Is "The New Republic" Firing its Jewish Editors? The "Washington Free Beacon" Gets it Wrong
The Washington Free Beacon carries a story today about The New Republic, titled “Hughes Drops Jews.” The implication by an unnamed staff writer is rather silly and misguided. The piece argues the following:
The New Republic has quietly dropped at least five prominent Jewish writers from its masthead in a move that may signal the publication’s continued drift away from a staunchly pro-Israel standpoint.
The group, the story continues, is made up of “Daily Beast reporter Eli Lake, longtime TNR columnist James Kirchick, Washington Post columnist Charles Krauthammer, and onetime senior editor Lawrence Kaplan. Complicating the picture, former TNR editor Peter Beinart was also dropped from the masthead. Beinart is the publisher of Open Zion, an anti-Zionist Daily Beast blog sponsored by the New America Foundation.”
The only problem with the argument is, as the article notes later on, is that seven others were dropped as well, a group made up of “Gregg Easterbrook, Jean Bethke Elshtain, Jeremy McCarter, Maggie Scarf, R.V. Thaw, Alan Wolfe, and Robert Wright.” (Wolfe is also Jewish, which the author seems not to realize.)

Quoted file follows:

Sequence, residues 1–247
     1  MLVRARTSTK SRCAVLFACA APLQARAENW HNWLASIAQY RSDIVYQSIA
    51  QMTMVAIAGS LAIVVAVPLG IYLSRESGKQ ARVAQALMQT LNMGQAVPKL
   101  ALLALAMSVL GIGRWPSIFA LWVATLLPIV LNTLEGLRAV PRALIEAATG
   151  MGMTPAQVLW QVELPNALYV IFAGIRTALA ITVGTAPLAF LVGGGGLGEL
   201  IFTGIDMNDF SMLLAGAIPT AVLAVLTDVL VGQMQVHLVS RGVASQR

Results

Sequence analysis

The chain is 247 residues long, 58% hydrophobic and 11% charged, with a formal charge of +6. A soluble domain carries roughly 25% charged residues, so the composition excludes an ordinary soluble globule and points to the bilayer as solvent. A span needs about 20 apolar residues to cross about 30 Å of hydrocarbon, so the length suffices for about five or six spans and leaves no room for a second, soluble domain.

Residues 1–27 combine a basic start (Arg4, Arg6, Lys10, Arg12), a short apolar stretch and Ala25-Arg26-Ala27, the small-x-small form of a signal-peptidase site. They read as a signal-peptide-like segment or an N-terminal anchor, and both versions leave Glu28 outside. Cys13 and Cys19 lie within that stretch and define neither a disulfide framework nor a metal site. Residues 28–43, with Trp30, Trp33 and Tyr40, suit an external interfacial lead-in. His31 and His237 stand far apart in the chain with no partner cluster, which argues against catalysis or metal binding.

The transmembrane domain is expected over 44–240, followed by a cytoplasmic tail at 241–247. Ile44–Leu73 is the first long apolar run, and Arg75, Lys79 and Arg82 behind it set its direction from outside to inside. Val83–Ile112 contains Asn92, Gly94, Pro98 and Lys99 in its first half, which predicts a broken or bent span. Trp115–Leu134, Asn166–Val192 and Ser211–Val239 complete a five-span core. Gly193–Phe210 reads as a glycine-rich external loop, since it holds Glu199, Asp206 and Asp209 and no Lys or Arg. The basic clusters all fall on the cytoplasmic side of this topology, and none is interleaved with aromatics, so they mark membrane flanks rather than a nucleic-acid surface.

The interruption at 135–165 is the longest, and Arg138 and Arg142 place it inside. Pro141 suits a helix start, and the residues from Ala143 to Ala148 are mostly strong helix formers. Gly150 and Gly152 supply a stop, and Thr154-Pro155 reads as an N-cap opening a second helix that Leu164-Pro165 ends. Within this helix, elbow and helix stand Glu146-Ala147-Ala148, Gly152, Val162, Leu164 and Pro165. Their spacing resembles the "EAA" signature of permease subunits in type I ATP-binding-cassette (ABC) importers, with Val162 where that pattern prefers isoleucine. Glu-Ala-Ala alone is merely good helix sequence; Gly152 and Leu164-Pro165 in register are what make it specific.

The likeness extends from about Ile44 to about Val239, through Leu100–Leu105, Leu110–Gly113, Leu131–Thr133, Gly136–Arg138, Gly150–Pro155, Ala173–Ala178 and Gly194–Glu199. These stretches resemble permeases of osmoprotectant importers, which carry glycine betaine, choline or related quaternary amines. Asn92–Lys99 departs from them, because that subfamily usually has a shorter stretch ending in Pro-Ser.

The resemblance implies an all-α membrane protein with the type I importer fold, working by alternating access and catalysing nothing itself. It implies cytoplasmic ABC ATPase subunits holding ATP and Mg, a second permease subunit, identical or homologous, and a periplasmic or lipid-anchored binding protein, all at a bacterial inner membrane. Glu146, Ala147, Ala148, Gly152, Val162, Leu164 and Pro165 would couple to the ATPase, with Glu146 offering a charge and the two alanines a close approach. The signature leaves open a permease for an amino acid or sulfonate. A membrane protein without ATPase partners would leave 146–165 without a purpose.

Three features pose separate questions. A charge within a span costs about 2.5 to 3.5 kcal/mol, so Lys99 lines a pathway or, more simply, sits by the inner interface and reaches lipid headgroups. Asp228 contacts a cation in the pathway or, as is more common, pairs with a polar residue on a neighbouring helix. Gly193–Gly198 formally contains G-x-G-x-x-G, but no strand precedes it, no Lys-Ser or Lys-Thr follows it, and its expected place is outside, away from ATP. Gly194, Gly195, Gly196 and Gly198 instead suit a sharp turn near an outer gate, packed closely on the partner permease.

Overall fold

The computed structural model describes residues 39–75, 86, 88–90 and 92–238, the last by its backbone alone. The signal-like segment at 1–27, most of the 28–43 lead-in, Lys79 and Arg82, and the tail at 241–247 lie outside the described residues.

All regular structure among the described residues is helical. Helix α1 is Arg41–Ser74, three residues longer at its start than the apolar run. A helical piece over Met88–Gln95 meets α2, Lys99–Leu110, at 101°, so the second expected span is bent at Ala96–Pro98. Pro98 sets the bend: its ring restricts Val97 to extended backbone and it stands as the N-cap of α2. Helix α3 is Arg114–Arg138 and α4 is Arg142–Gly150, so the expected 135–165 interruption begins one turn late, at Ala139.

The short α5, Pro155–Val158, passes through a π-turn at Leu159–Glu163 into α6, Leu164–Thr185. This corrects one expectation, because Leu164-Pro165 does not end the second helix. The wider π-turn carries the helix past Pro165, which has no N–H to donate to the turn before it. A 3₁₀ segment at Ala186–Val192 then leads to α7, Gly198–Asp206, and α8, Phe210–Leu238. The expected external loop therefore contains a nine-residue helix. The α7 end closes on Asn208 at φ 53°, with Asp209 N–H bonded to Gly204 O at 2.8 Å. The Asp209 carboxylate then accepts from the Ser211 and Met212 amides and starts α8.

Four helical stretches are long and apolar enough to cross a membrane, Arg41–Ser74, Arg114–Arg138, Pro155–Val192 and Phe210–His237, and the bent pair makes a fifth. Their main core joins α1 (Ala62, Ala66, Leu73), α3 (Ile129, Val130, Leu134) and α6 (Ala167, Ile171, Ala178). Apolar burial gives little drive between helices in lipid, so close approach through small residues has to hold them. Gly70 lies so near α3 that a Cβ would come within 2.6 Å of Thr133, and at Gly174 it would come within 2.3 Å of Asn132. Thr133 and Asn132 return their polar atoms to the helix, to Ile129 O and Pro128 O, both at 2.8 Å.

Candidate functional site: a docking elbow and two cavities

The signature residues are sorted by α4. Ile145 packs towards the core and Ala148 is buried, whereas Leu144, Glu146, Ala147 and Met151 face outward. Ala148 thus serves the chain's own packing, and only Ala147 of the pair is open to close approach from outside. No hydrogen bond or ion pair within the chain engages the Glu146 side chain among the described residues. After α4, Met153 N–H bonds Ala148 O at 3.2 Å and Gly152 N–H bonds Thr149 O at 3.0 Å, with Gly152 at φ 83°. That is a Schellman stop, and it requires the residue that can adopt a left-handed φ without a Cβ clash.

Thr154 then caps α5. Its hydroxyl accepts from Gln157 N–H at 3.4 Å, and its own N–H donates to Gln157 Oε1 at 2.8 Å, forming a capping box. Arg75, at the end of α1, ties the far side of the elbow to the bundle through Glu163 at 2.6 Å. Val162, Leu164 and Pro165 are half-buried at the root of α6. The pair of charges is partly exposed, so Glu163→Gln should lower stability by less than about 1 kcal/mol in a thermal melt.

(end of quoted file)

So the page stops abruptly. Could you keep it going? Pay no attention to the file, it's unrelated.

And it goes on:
Moreover, on the new redesigned masthead, plenty of those still listed are Jewish, including David A. Bell, Peter Bergen, Nathan Glazer, Jack Goldsmith, David Greenberg, Yossi Klein Halevi, and Michael Walzer and perhaps a few others as well.
Clearly, with the exception of the excellent writer Paul Berman, who was made a Senior Editor, those let go are the type of so-called Peretz era neo-cons that TNR wants to make clear are no longer welcome in its pages. So it is politics, not religion or ethnic identity, that accounts for those now absent from its “Contributing Editors” list. And although Peretz by agreement is listed as one of the “Editorial Advisory Board,” he too is persona non grata at the magazine.
As for the absence of Peter Beinart, I suspect that its editors are perturbed at the notoriety and grandstanding by Beinart, and consider him somewhat of an embarrassment, and fully aware that he has his own perch at Newsweek/Daily Beast, and hence they do not need him in their pages, although he once was an editor of the magazine.
Whatever accounts for their dismissal of these people, Chris Hughes has given us all one more reason to skip reading the magazine.